Many people engage in multiple episodes of unprotected intercourse before presenting for emergency contraception,1 including episodes that occur beyond the current Centers for Disease Control and Prevention and World Health Organization guidelines of 5 days.2,3 The standard research practice for emergency contraception efficacy studies is to limit participation to only those with a single episode of unprotected intercourse in the prior 5 days.4,5 As such, we lack data on situations in which multiple episodes of unprotected intercourse occurred in the same menstrual cycle of use, especially episodes occurring more than 5 days before emergency contraception use. Therefore, we have used data from a recent randomized clinical trial of 655 participants receiving emergency contraception who were assigned to either the levonorgestrel 52-mg intrauterine system (IUS) or the copper T380 intrauterine device (IUD) to assess pregnancy risk based on the number and timing of unprotected intercourse episodes in the 14 days before IUD placement.6
We conducted this study as a secondary analysis of a noninferiority randomized control trial that assessed the emergency contraception efficacy of the levonorgestrel 52-mg IUS and the copper T380A IUD. Study methodology details including inclusion and exclusion criteria are published elsewhere.6 We enrolled participants at one of six family planning clinics in Utah between August 2016 and December 2019. The original study included people aged 18–35 years who had at least one unprotected intercourse episode 5 days before enrollment, normal menstrual cycle lengths (21–35 days), and knew their last menstrual period (±3 days). All had a negative urine pregnancy test result (human chorionic gonadotropin level of 20 international units/L or less) immediately before IUD placement. Trained study staff obtained informed consent from all participants before enrollment. Skilled clinicians placed either the levonorgestrel IUS or the copper IUD.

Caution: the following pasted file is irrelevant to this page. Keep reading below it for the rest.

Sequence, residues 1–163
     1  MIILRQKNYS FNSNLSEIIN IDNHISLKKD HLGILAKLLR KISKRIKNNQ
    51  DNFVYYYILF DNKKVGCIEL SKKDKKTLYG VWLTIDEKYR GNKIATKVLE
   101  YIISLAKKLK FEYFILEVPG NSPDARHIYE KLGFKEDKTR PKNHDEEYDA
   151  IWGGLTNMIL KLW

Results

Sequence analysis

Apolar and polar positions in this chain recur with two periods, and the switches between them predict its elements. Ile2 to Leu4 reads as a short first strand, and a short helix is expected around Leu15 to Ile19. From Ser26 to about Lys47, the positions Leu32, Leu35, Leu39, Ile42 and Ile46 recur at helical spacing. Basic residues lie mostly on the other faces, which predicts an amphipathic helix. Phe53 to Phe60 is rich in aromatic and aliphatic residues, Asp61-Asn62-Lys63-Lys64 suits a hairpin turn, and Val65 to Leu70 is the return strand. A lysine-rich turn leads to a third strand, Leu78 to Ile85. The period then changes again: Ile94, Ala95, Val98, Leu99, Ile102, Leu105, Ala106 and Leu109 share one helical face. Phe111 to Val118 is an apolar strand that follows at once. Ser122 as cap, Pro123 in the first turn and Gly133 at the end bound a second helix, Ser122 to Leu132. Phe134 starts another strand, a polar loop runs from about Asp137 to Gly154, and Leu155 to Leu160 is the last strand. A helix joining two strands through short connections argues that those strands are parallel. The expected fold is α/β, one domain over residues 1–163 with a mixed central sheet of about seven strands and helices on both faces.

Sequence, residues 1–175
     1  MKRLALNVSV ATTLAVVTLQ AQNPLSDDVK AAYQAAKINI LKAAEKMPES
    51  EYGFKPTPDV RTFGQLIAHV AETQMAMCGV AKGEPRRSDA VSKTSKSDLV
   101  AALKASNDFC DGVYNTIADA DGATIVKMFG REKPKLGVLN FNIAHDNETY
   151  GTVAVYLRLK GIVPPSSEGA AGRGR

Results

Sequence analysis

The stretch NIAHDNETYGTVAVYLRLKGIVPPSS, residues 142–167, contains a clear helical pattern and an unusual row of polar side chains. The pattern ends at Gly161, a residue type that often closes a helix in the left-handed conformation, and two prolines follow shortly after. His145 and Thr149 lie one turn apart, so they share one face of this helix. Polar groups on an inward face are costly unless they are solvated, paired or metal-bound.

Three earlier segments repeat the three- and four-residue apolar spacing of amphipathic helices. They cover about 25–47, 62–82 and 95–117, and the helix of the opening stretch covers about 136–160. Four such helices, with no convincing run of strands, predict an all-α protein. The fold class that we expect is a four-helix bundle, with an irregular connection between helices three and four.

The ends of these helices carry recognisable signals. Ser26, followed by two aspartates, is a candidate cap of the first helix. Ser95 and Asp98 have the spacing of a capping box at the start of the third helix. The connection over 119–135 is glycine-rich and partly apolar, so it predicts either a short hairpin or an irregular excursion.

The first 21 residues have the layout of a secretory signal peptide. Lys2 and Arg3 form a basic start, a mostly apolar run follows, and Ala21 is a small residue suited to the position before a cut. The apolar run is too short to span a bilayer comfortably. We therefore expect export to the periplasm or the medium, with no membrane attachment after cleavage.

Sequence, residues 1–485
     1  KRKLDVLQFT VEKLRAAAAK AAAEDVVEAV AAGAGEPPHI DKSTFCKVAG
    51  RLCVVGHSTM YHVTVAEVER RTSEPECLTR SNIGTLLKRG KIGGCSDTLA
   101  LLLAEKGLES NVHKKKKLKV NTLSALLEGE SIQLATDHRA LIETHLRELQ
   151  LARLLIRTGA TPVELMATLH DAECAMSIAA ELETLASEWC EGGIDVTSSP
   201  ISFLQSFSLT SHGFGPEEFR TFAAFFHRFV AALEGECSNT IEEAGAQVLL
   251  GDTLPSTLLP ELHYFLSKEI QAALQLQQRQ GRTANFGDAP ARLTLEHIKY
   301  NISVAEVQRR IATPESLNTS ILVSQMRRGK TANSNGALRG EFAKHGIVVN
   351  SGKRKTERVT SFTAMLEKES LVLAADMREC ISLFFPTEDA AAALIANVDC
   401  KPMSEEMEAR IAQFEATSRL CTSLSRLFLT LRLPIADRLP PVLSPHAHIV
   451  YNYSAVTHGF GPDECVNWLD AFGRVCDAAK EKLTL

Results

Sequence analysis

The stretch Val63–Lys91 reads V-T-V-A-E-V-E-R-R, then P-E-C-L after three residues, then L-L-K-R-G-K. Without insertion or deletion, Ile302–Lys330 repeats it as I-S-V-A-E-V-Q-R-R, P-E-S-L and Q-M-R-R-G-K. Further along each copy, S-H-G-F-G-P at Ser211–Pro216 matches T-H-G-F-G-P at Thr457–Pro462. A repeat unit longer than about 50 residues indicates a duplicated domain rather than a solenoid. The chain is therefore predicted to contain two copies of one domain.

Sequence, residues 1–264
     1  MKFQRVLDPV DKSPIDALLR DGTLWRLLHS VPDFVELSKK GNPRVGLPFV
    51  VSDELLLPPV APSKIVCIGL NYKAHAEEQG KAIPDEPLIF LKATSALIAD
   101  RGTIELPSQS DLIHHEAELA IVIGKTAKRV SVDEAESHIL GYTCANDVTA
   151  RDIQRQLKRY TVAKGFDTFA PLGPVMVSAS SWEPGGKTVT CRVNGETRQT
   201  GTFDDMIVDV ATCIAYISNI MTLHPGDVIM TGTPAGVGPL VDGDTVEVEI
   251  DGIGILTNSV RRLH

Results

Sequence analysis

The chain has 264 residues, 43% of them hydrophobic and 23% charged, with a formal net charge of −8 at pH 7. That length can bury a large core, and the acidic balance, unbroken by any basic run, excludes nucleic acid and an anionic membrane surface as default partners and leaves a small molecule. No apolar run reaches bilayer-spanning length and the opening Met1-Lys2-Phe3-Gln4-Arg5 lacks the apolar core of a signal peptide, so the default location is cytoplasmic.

On enrollment, we queried participants, “How many times in the last 2 weeks have you had sex when a method of birth control was not used or you were worried that the method you used did not work?” Using a calendar, participants then identified which of the prior 14 days they had sex either “with no method of birth control,” or “used a method where you were worried you might get pregnant (for example a broken condom, missed birth control pills, etc.).” Participants provided this information as a component of their study enrollment data. This information was not provided to clinicians, and participants were not informed that emergency contraception would not protect against pregnancy from intercourse occurring more than 5 days before IUD placement. We defined frequency of unprotected intercourse episodes as the sum of responses to these two categories. One month after IUD placement, participants reported pregnancy results by at least one of the following: self-administered home urine pregnancy test; an in-clinic urine pregnancy test or phone or web-based electronic data capture indicating no signs of pregnancy, including pregnancy test results; ultrasonography findings; report of normal menstrual cycle; and continuation of IUD use.
As detailed in the manuscript detailing the primary outcome of the parent study, we modified the protocol to add electronic health record review for participants who did not report pregnancy results by any of these methods. In those cases, we conducted an in-depth medical chart review and reviewed participant follow-up surveys from 1, 3, and 6 months after IUD placement to assess evidence of a possible pregnancy occurring in the first month of use. For this analysis we included participants from the main study who received an IUD after randomization and provided 1-month pregnancy outcome data. For this analysis, we aggregated participants from both groups into a single cohort because the levonorgestrel IUS was found to be noninferior to the copper IUD in the parent trial.